New from Andrea Thompson on The Young Folks: Capernaum Movie Review: A flawed but essential portrait of childhood poverty

Capernaum is about two hours of near unrelenting bleakness, but it’s the kind of bleakness that’s also a mostly intelligent indictment of just how we all let it come to this. The opening scene is hard enough, as we see a preteen boy undergoing an examination as officials try to guess his age. Then the boy, Zain (Zain Al Rafeea) is led out in handcuffs to a courtroom, where he says he wants to sue his parents for allowing him to be born.

Just how does a 12-year-old boy get to this state? Capernaum then flashes back to the events that paved the way. It’s about as heartbreaking as you’d expect, full of deep empathy for everyone involved. It condemns many of the players for their actions, but the film also forces us to understand them by showing the harshness of their world in Lebanon, where they’re just barely able to  living.

The catalyst for the tragedy to come is Zain’s sister Sahar (Haita ‘Cedra’ Izzam) getting her period. Zain and Sahar try to hide it, as Zain guesses that once their parents find out, Sahar will be married off to the food seller, a much older man who has already been engaging in a kind of courtship with her. And as it turns out, Zain’s surmise is quite prescient. After their parents discover Sahar’s secret, they begin marriage negotiations while Zain makes plans for them to run away together, only for Sahar to be forcibly removed from the household by their mother and father and taken to her new husband. Zain then flees as well, finding himself in a kind of amusement park where he’s taken in by an undocumented single mother named Rahil (Yordanos Shiferaw), who is hiding the fact that she has a son named Yonas (Boluwatife Treasure Bankole), fearing discovery will mean separation and deportation.

At first, Zain seems to have discovered a kind of safe haven. Rahil is kind to him, and Zain watches her toddler son while she’s at work, quickly bonding with him. But his fragile sense of safety is shattered when Rahil suddenly disappears, having been arrested by the authorities for not having papers, and Zain and Yonas are left to fend for themselves as best as they can. Or rather, Zain tries to care for Yonas as best he can, only to fall further and further despite his efforts to pull them both back from the brink.

On their journey to survive, they also meet other people on the margins, benevolent and not so much. But Zain and Yonas are hemmed in by a system in which a life without papers is a kind of living death. Some have called Capernaum another example of poverty porn, and there is some truth to it in the unrelenting pressures Zain faces, which grind him down so much he wants to punish his parents for giving him life. However, the film doesn’t seem to call for our pity so much as our compassion.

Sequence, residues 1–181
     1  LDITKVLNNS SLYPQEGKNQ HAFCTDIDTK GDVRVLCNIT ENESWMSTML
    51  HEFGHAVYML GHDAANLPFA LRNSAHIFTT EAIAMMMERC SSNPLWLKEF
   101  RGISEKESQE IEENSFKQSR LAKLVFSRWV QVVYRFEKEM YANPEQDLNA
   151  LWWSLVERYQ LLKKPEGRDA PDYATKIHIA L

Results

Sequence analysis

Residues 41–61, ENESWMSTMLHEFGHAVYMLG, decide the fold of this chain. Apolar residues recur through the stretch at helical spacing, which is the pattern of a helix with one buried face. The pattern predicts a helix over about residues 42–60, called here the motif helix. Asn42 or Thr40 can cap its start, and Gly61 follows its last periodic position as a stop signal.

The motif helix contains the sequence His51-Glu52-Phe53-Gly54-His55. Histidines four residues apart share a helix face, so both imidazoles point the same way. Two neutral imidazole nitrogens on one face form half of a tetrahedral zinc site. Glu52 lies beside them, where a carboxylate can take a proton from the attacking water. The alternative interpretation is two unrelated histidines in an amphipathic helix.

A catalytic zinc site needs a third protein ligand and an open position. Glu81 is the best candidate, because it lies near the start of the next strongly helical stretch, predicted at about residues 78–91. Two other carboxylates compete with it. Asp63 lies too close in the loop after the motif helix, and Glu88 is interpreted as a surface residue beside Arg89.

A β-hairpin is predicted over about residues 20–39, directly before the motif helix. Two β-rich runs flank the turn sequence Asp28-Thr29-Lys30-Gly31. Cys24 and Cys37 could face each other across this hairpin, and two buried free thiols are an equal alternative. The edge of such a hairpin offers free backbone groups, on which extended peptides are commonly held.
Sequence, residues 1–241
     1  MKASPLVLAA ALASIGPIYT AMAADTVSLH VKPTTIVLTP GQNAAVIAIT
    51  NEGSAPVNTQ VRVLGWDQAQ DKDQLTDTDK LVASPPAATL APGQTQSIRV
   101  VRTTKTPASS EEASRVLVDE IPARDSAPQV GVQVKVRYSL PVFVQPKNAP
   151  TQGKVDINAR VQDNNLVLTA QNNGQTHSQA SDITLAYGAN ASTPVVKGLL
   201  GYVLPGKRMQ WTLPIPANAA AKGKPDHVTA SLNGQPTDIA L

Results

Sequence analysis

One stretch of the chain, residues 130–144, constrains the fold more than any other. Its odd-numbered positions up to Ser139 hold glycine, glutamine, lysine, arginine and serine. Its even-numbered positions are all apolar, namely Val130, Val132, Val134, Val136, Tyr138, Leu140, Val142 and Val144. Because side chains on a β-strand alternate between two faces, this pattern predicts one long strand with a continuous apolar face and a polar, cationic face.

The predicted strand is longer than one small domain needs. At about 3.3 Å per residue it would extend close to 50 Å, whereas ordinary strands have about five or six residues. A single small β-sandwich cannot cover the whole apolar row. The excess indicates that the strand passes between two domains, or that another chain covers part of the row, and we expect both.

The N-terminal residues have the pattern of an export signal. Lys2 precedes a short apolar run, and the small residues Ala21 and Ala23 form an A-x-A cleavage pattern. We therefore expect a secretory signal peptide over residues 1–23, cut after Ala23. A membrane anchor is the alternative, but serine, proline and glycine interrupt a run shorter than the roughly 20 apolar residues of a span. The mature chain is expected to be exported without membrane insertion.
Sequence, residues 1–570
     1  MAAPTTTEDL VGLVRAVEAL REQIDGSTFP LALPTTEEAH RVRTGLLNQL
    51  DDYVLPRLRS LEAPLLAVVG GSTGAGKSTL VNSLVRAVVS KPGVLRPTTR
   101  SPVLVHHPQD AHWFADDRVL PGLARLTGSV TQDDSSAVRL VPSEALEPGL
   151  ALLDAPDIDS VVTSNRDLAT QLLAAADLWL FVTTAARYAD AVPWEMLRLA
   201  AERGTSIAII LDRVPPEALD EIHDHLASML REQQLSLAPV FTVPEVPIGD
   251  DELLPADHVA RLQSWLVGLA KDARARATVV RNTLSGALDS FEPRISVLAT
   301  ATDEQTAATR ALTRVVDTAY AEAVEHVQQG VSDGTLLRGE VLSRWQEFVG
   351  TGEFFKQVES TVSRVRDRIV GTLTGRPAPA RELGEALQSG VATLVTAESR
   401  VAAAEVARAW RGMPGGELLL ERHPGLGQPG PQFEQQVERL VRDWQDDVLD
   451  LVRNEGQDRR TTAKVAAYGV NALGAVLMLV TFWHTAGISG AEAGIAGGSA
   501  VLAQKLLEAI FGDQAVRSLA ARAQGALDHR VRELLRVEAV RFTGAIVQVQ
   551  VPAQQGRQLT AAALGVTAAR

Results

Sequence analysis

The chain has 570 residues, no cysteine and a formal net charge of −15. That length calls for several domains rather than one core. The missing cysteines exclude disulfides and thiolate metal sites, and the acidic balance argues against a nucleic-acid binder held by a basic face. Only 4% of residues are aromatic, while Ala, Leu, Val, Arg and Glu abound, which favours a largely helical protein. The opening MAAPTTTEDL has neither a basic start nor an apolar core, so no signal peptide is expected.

The life Capernaum depicts is brutal, but there are few caricatures in it. Rahil, Zain’s parents, and even Sahar’s would-be husband are depicted with an understanding that holds them accountable while allowing us to see why their actions seemed feasible in the first place. Sahar’s family saw her forced marriage as a way for her to have a better life, and the man they practically sold her to pointed out that his own mother-in-law married at that age. He too thought it was normal to take an 11-year-old bride.

Director Nadine Labaki also made a very wise decision to cast mostly non-professionals actors to play versions of themselves. It goes a long way towards lending more of a truth, and even legitimacy to the film, even when it risks veering into overwrought territory. Zain Al Rafeea is such a powerfully charismatic lead it becomes mostly feasible that he could fight, negotiate, and manipulate, and bond with the various adults around him as he tries so hard to be kind in a world that seems determined to beat his best instincts out of him. Capernaum may be a flawed portrait of the voiceless masses whose daily lives mock all the lofty ideals of the state it portrays, but its rallying cry demands to be heard nonetheless.

from Andrea Thompson – The Young Folks

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